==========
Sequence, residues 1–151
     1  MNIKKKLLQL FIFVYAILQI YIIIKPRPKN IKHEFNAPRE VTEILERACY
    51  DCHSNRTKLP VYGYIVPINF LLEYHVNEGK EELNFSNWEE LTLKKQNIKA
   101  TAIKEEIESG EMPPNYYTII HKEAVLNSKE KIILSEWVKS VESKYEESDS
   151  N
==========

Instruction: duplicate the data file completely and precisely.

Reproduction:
Sequence, residues 1–151
     1  MNIKKKLLQL FIFVYAILQI YIIIKPRPKN IKHEFNAPRE VTEILERACY
    51  DCHSNRTKLP VYGYIVPINF LLEYHVNEGK EELNFSNWEE LTLKKQNIKA
   101  TAIKEEIESG EMPPNYYTII HKEAVLNSKE KIILSEWVKS VESKYEESDS
   151  N